... capitalizes on our current CSI,My Favorite Murder and Forensic Files true-crime obsessions, and the book delivers on its promise of gruesome murders, huge manhunts and the pleasures of clue gathering ... Dawson’s writing can be repetitive, but she tells a good story, and when she details a crime, the book satisfies all of our morbid, rubbernecking tendencies. Bay Area readers will get a particular reward from the retelling of early 20th century crimes involving the Fairmont Hotel, Alameda and Bay Farm Island, and Salada Beach in Pacifica ... The book bogs down when it veers into a biography of Heinrich, a dour, anxious egoist who was not nearly as interesting as his profession. He was undoubtedly a genius, but he was also a bit of a drag, living proof that not all geniuses make interesting subjects ... well-written, certainly well-researched but ultimately too much of a mishmash — part biography, part history of forensics, part true crime — to be truly satisfying. I would have loved it at 5,000 words.
... intriguing and in-depth ... While American Sherlock surely will appeal to true-crime aficionados, it also will grab the attention of anyone who appreciates a good story. In addition to gaining an understanding of early forensic science, readers will be treated to a glimpse into several prominent cases (including Fatty Arbuckle’s numerous trials) and an exploration of the societal issues at play during the relevant time periods.
The latest nonfiction page-turner from Kate Winkler Dawson is really two books, one of which is great ... Blood spatter patterns, fingerprinting, stomach content analysis, specifics of decomposition—Heinrich seems to have been at the forefront of all of it, which Dawson demonstrates in case studies that focus on his splashier work, including failed efforts to nail comic actor Fatty Arbuckle for the death of a starlet ... Less successful are the biographical details Dawson uses in an attempt to explain why Heinrich was driven to bring criminals to justice. As too many stories pile up about, for instance, Heinrich’s spendthrift son, one can almost hear Dawson’s students at the University of Texas parroting her advice: Edit, edit, edit.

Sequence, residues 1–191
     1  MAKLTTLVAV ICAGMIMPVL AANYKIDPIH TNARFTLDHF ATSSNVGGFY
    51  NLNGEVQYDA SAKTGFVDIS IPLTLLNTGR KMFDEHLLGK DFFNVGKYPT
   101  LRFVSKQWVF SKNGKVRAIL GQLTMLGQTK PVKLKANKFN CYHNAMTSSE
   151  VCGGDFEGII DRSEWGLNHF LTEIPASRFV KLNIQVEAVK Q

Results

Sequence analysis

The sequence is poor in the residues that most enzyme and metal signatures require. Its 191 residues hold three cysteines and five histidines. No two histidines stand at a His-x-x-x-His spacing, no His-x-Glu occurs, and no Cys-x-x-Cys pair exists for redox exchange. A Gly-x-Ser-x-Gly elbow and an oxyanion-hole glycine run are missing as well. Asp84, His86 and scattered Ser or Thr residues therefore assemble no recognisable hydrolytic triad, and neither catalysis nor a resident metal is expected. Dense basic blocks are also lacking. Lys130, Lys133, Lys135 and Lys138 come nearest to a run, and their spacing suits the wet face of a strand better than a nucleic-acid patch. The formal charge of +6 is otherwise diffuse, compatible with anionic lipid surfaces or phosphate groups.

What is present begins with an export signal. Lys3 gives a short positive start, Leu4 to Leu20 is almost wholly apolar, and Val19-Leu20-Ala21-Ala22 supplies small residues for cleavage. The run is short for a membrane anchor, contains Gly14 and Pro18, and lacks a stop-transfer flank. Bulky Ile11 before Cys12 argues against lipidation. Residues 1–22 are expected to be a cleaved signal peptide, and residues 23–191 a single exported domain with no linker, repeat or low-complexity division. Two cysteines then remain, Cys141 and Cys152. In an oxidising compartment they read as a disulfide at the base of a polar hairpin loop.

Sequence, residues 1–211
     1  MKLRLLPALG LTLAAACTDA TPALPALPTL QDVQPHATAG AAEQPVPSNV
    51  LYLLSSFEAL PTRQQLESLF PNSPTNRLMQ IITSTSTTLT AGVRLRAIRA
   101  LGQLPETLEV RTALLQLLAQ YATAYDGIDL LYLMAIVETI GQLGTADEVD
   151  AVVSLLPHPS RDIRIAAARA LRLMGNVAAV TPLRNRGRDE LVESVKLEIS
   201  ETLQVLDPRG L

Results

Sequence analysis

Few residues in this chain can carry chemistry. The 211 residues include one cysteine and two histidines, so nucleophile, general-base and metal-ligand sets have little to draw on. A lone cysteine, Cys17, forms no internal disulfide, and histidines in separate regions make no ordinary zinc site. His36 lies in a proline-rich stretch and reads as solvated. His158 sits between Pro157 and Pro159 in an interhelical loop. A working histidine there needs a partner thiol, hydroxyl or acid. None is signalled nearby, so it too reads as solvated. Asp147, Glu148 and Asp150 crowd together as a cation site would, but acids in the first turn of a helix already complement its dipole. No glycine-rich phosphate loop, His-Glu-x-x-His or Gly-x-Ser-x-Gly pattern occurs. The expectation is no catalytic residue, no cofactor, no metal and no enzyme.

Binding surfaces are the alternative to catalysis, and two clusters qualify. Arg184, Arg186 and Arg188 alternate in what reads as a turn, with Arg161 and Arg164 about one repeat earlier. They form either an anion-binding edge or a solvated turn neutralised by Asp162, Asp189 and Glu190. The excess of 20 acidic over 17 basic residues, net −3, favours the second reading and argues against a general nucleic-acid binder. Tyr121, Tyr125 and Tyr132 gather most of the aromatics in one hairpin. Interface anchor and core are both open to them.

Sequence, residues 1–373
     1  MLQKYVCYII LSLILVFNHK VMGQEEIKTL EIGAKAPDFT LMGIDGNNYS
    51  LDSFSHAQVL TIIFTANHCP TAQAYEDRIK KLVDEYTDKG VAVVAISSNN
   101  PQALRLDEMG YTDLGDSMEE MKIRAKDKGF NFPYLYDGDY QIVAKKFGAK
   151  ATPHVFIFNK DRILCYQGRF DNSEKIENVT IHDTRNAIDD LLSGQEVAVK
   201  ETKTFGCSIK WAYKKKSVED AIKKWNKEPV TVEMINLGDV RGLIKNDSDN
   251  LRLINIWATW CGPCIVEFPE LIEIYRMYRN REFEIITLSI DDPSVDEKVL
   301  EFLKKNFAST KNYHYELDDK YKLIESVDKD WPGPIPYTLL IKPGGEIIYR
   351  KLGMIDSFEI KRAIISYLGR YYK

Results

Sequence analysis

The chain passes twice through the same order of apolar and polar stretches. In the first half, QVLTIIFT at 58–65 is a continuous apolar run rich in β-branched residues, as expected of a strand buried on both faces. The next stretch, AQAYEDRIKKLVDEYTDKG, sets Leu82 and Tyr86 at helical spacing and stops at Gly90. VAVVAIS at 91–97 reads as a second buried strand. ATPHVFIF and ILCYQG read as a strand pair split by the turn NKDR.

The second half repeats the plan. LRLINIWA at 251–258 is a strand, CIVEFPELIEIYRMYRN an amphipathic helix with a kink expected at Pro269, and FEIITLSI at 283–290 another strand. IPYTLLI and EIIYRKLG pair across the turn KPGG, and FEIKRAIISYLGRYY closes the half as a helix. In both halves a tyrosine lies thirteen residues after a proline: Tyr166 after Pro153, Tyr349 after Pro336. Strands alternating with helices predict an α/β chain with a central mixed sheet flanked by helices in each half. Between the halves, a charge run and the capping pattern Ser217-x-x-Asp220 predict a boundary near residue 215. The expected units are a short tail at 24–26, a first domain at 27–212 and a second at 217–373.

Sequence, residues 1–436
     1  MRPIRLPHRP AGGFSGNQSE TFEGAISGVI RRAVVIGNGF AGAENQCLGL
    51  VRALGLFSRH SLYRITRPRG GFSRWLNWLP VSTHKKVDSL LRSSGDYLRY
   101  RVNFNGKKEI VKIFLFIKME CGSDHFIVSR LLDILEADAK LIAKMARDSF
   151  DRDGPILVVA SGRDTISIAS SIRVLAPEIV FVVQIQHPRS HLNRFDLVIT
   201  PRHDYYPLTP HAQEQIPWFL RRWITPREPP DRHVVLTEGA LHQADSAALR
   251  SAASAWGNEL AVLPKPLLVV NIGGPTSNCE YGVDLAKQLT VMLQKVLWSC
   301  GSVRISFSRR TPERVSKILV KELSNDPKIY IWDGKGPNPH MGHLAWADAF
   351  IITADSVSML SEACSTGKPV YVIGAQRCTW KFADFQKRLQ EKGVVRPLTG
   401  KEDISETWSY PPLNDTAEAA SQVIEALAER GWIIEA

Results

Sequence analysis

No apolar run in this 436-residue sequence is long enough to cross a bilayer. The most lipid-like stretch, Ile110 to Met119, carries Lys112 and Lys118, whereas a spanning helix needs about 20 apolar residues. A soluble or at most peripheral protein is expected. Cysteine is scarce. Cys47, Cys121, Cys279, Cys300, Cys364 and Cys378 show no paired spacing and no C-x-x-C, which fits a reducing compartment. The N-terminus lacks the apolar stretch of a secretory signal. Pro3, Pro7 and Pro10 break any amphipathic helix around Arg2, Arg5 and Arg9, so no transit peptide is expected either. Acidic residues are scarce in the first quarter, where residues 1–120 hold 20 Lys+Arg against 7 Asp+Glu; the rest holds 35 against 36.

American Sherlock delves deeply into Heinrich’s methods as he investigates various crimes; these sections are the fascinating meat of the book. (Readers should be aware that several of the forensics photographs included in the book are gruesome.) Dawson is less successful in her depiction of the criminalist as an insecure and somewhat fusty perfectionist, forever fretting over his finances ... Dawson establishes that Heinrich was a true pioneer in his field.
A fascinating book worthy of being associated with the title’s literary sleuth. Readers will want a follow-up so they can discover more of Heinrich’s cases as told through Dawson’s great storytelling. For fans of Michelle McNamara’s I’ll Be Gone in the Dark and other true crime works.
... the author tells vivid details of a wide variety of infamous crimes, not revealing all the secrets or indulging in conspiracy theories but still developing suspense and, most importantly, reporting the scene clearly with both the history accepted at the time and revisionist reflection. While many true-crime books suffer from stale prose, Dawson’s writing is remarkable in that it never uses the crutch of false suspense but also doesn’t skimp on valuable details. The author explains Heinrich’s deductive reasoning matter-of-factly, succinctly, and with the proper respectful attention to the victims while acknowledging the complex hubris of such an adept detective ... Readers see the development of each crime through victim and suspect profiles that read as objectively as Heinrich’s methods. We come to respect him, his scientific brain, and his integrity despite his mistakes ... An entertaining, absorbing combination of biography and true crime.
Edward Oscar Heinrich (1881–1953) was one of America’s earliest criminologists. He was also a meticulous record keeper, allowing Dawson to recreate his fascinating life story ... Those interested in the development of modern forensics will be enthralled.